You seem to be splitting hairs here. There was no license agreement on the PARC computer GUI arrangement in which Apple acquired the GUI of the Macintosh.. Smalltalk was a completely different project, unrelated to the discussion. So I'm correct on the share arrangement, Xerox did get their Apple shares, right?

The Xerox board had decided to end it's PARC (star) computer project, around the time Apple announced the Macintosh, that's why Apple got most of its computer engineers to work on the Mac GUI, they weren't happy about being ignored by Xerox. In the words of the Xerox chairman at the time, "we're in the copier business, not the computer business." The Star sold only 25,000 units and was far too expensive. Two ex engineers from Xerox then formed their own company that extended the Star computer concept, after Xerox scrapped it. The subsequent work and their company was sold to IBM. The Xerox board believed that nobody would use a mouse and that computers were only for big corporations, and dropped computers from their strategy. They felt they could never compete with IBM in that area. It only decided to take legal action after it saw how successful Apple had become using the acquired GUI.

Xerox primarily failed in its law suit against Apple, because they waited years after the event to sue, leaving them outside the statute of limitations.

One thing is clear from that time. There were some pretty shady deals going on, not documented or notorised in contract, so it's hard to know what the truth really was.

Perhaps you should read some books that state in detail what was happening around that time. The Steve Jobs biography and the Pirates of Silicon Valley.

Seeing as I was in university at the time these events took place, I only took a passing interest, until I bought my first Macintosh back in 1986. Since then, I have had a keen interest on the happenings, especially when Microsoft released windows. A lot of things written about that time aren't correct, but when the players talk about it, you'll find the truth buried in there somewhere. If only Bill Gates would come clean and reveal the truth about windows, only then will we know for sure.
Edited by Kr00 - 1/8/13 at 5:01pm
post #55 of 56
Quote:
Originally Posted by Kr00 View Post

You seem to be splitting hairs here. Why? Pedantic maybe? There was no license agreement on the PARC computer project. Smalltalk was a completely different project a decade before so why include it in your argument? WTF? So I'm right on the share arrangement, but that's not good enough. Huh?

 

Wow.  I'm not sure what you're acting so upset about.  I was actually upholding most of what you said, while filling in details that are obviously not well known.

 

Quote:

Instead of running to Wikipedia to make an argument, perhaps you should read some books that state in detail what was happening. Did you read the Steve Jobs biography? Or the Pirates of Silicon Valley? Your timelines and projects are all over the shop. Best research the details first perhaps? And stop using wiki as your source. It's not that precise.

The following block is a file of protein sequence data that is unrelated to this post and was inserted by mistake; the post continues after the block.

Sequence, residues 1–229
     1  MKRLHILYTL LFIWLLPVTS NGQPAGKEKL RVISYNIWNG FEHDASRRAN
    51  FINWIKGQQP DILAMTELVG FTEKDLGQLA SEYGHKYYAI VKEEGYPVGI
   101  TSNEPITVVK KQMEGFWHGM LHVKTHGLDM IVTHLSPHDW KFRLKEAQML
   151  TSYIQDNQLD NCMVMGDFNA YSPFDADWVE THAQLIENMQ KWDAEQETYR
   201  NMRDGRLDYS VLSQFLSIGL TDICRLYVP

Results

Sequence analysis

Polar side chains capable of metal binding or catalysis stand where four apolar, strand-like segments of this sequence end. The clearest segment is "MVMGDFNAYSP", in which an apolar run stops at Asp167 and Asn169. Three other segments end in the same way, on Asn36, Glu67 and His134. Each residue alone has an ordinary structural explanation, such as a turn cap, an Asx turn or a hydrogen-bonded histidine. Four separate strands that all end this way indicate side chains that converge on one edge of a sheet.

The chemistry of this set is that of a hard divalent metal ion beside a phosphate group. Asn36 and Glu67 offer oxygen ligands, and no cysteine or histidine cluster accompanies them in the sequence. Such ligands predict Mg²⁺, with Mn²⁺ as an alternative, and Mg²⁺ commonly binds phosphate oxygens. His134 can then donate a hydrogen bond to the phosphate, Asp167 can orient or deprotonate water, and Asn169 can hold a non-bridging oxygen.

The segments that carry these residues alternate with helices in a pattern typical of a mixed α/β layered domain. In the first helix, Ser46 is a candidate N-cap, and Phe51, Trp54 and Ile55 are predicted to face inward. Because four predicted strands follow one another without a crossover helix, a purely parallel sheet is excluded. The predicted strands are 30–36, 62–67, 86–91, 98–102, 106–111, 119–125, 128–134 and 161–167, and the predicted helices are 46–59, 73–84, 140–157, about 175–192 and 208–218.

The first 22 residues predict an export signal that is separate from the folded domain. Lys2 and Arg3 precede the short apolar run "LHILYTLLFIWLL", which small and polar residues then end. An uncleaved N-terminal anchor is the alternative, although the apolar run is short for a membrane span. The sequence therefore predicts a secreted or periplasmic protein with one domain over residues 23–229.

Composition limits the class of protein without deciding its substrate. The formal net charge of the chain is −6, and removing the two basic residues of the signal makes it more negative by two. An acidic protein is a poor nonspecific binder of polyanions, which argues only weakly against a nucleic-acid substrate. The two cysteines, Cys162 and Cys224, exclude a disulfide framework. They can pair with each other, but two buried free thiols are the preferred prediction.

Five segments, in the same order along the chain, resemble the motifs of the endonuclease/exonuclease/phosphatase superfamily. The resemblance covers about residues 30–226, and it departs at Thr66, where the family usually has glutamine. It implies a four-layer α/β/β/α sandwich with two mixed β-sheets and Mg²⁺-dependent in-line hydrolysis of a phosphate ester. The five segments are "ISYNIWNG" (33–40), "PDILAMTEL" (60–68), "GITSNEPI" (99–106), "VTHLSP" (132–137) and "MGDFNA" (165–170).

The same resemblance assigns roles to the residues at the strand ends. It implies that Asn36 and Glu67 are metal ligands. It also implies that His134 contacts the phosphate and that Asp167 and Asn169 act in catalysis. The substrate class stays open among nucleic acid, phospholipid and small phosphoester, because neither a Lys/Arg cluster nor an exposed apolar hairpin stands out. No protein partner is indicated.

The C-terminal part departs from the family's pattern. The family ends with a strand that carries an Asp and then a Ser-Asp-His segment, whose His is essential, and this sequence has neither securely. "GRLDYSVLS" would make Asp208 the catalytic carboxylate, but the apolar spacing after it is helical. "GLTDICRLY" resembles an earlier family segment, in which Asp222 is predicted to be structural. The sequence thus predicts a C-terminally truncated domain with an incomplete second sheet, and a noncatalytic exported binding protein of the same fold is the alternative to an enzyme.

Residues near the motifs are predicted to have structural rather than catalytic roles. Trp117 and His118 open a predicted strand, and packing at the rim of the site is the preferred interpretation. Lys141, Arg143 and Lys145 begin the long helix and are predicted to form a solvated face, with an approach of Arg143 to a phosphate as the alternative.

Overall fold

You're not only rude (looking at your past posts to others, it's a habit), you're also wrong.  Especially considering how many Wikipedia myths you repeated.

 

Although I've written articles for it (including the first accurate version of the iPhone entry in 2007), I don't use Wikipedia as a source, and I don't need books to tell me the history.  I lived through that time, was friends with many insiders, and was part of a couple of early home computer startups and peripheral makers.

 

My timelines are better than anything you'll read on Wikipedia, and I"m probably one of the few (only?) people to track down the Apple-Xerox stock money  and lawsuit details.


Edited by KDarling - 1/8/13 at 4:52pm
post #56 of 56
Quote:
Originally Posted by KDarling View Post

Wow.  I'm not sure what you're acting so upset about.  I was actually upholding most of what you said, while filling in details that are obviously not well known.


You're not only rude (looking at your past posts to others, it's a habit), you're also wrong.  Especially considering how many Wikipedia myths you repeated.

Although I've written articles for it (including the first accurate version of the iPhone entry in 2007), I don't use Wikipedia as a source, and I don't need books to tell me the history.  I lived through that time, was friends with many insiders, and was part of a couple of early home computer startups and peripheral makers.

My timelines are better than anything you'll read on Wikipedia, and I"m probably one of the few (only?) people to track down the Apple-Xerox stock money  and lawsuit details.

You may like to read my edit, prior to your reply.

I did however find it funny how a lot of your comments seem to mirror Wikipedia almost to a word.

Unless you were there in the room to witness these things, then the only way anyone can know is if they read about them. Hardly any of those events were covered in detail in the newspapers at the time. Even those two books I mentioned embellished the truth somewhat. Does anybody really know?